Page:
Judicial panel revises new map for Missouri Senate | St. Louis Public Radio

Judicial panel revises new map for Missouri Senate

Dec 9, 2011

This article first appeared in the St. Louis Beacon, Dec. 9, 2011 - The judicial commission in charge of redrawing Missouri's legislative districts quietly filed a revised state Senate map this afternoon that dramatically changes several districts in the western part of the state. The changes apparently reflected constitutional concerns raised by critics, regarding the original splits in several western counties.

The only change in the St. Louis area districts involved some slight revisions in Jefferson County, involving the 22nd and 27th state Senate districts.

(Click here to view the new map.)

Unannounced, the commission posted a news release Friday afternoon on the state's Office of Administration that states, in part:

"The Appellate Apportionment Commission has filed a revised state Senate redistricting plan and map with the secretary of state. The revised plan was filed within the 90-day period allowed by the constitution and replaces the plan filed on Nov. 30, 2011. A majority of the commission opted to revise the plan upon further consideration of a constitutional provision regarding multi-district counties, even though that provision may not apply to redistricting maps drawn by the appellate judges."

The commission's chair, Judge Lisa White Hardwick, said the release provided all the information about the commission's rationale. She did provide some technical details about which counties were affected by the changes.

The affected counties include Johnson, Cass, Clay, Ozark, Reynolds, Lafayette, Dallas and Greene counties. The latter is in the Springfield area, while the others are in central, southern or western Missouri.

When the six appellate judges unveiled new state legislative maps last week, a number of political experts and politicians raised questions, citing the state constitution's prohibition against splitting a county if it could be contained within one state Senate district.

Some of the notable changes include:

  • Placing all of Johnson County in the 21st District. Before, that county was split between the 21st District and the 31st District. The new configuration means that Sen. David Pearce -- a Warrensburg Republican who currently represents the 31st District -- would have to run in the 21st District, especially since he told the Beacon he has no intention of moving.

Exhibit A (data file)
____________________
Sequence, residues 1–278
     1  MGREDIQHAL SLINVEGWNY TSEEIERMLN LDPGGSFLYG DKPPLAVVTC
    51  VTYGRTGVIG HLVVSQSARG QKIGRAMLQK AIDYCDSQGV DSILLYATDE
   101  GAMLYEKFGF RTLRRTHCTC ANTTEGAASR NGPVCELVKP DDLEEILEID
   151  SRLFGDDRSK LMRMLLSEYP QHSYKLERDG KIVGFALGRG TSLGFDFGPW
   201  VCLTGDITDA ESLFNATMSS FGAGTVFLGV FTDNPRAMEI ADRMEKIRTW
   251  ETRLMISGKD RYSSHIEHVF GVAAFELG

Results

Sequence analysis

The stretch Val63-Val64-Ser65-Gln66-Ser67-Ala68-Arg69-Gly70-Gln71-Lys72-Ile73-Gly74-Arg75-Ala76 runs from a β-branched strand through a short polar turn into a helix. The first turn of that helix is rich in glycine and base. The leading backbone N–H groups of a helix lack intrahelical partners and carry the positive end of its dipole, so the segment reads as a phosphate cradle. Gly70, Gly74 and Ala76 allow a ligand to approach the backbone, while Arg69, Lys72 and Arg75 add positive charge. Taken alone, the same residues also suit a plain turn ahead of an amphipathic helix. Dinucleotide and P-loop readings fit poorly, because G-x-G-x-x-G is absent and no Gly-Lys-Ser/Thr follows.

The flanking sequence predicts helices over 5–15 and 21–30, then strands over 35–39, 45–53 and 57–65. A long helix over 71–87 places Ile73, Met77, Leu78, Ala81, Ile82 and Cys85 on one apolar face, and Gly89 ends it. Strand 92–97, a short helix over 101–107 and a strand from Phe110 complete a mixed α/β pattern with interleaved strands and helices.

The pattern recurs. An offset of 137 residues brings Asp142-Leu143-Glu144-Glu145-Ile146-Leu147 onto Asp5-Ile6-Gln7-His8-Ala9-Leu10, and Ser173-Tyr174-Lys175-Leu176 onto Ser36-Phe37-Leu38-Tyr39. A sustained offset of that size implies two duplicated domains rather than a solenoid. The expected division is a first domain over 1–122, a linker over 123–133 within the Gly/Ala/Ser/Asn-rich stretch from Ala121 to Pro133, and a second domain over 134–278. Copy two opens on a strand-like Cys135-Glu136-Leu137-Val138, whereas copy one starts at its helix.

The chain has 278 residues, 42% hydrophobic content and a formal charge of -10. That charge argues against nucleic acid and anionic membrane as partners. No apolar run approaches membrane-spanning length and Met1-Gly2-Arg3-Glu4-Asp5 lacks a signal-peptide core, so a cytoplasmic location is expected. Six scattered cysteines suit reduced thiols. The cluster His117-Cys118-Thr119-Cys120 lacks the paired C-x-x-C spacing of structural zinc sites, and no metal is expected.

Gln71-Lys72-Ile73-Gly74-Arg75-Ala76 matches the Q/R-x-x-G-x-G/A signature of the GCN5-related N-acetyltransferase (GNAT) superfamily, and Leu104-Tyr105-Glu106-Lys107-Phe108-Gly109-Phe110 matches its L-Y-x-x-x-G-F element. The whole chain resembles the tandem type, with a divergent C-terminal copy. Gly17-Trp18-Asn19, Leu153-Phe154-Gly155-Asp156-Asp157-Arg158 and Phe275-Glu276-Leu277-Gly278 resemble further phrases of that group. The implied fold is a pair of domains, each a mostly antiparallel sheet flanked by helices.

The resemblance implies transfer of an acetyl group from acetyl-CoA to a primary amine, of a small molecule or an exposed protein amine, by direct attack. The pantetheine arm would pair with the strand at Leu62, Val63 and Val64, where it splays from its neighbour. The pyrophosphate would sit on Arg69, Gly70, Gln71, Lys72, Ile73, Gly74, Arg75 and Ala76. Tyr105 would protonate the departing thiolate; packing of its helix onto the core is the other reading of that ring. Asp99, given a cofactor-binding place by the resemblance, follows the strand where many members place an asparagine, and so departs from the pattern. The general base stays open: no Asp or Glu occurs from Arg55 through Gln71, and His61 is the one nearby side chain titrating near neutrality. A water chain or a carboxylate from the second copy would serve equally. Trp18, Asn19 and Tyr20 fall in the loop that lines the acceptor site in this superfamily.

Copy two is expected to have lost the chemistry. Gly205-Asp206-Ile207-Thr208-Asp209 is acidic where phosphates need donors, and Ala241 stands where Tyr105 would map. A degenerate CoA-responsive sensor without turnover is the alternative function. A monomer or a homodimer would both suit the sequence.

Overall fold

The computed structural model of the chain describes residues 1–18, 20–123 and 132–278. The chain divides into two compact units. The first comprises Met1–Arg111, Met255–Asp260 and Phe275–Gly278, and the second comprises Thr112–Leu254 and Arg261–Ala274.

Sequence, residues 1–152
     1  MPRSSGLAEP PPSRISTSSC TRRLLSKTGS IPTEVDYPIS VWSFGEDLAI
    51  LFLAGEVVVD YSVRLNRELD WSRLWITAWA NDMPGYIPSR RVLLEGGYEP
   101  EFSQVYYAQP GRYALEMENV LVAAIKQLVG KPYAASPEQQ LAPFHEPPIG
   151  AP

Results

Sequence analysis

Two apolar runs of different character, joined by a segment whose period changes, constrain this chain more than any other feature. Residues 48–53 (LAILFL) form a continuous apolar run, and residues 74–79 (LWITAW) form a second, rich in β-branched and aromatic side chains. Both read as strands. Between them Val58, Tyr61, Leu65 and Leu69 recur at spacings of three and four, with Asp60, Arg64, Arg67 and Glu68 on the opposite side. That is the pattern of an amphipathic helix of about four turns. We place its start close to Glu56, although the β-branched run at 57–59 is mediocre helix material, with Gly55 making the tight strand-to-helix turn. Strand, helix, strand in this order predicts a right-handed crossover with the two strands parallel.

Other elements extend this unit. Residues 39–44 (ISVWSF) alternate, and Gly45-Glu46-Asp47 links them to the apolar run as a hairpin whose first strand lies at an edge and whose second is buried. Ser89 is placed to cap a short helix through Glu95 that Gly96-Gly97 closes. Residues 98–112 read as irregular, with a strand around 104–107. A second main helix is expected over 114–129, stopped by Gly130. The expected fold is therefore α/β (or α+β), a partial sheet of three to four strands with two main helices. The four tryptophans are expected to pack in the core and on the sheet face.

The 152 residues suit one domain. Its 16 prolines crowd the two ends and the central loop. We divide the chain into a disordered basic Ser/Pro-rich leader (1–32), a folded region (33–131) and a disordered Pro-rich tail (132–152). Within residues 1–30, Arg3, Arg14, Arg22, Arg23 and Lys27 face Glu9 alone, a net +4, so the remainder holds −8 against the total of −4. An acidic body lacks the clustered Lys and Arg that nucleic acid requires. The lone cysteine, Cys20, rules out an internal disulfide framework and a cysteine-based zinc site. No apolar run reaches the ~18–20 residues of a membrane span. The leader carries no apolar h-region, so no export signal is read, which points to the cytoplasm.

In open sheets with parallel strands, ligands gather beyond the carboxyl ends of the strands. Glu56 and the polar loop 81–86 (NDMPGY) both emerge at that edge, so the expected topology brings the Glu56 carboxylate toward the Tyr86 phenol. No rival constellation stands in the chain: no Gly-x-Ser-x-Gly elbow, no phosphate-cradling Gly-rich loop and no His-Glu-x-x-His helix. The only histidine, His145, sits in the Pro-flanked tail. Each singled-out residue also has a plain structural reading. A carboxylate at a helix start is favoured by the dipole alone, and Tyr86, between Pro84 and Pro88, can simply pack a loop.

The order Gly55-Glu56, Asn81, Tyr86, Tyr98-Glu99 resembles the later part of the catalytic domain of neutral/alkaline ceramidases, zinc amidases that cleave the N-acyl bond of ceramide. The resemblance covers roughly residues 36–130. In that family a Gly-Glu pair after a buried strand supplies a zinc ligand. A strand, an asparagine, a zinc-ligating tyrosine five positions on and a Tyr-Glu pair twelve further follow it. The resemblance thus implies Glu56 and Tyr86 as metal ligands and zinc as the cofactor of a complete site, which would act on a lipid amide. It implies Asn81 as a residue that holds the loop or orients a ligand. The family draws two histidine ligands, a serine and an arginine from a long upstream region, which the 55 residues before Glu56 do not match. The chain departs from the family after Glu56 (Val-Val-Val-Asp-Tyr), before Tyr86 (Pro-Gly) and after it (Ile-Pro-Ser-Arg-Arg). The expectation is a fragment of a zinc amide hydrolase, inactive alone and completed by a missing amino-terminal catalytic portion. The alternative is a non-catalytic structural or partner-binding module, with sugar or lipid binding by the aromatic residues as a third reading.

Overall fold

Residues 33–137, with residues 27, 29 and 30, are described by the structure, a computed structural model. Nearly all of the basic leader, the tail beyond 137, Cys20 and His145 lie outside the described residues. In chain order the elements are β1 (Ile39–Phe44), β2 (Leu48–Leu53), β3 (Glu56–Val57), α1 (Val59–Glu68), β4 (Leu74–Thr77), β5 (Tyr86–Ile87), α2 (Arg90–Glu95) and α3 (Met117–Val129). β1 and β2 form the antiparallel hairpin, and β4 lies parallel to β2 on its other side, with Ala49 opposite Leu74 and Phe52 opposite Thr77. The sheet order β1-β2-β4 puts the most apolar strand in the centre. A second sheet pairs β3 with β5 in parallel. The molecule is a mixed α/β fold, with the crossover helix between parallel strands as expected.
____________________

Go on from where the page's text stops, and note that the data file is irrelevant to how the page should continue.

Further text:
• Including part of Lafayette County in the 8th District, currently represented by Sen. Will Kraus, R-Lee's Summit. Interestingly, Kraus' address was apparently drawn into the 10th District, now represented by Sen. Jolie Justus, D-Kansas City.
  • Splitting Greene County and Clay County only twice. In the original redistricting map, those counties were split three times.
  • Adding Ozark County into the 20th District and removing it from the 33rd Senate District, which incorporates a swath of counties in southern Missouri.
  • Moving Dallas County in southwest Missouri from the 28th District to the 20th District.
  • Shifting Reynolds County into the 33rd, and removing it from the 22nd.
  • Making small changes to the way Jefferson County is divided between the 27th District and the 22nd District.

Unaffected was St. Charles County, which currently is split among three state Senate districts in the new map.

Republican consultant James Harris, an outspoken critic of Missouri's judicial selection process, contended Friday that the commission's unannounced changes demonstrates "a stunning display of incompetence'' by the panel of judges and its staff.

The changes don't affect the commission's map for the 163-member Missouri House. But House Minority Leader Mike Talboy, D-Kansas City, wants the panel to consider that idea.

"The Appellate Apportionment Commission did the right thing by acknowledging its blatant constitutional violations in drawing new Missouri Senate districts and taking prompt corrective action," Talboy said.

"The commission now should take the next step by also revising its redistricting plan for the House of Representatives. Although the House plan doesn't suffer from the same constitutional infirmities as the original Senate plan, the commission ignored natural geographic boundaries and divided communities in ways that produced House districts that, on the whole, make little sense. Missourians should not be stuck for the next decade with district boundaries that undermine representative democracy, and the commission should develop a workable House redistricting plan while it still has time."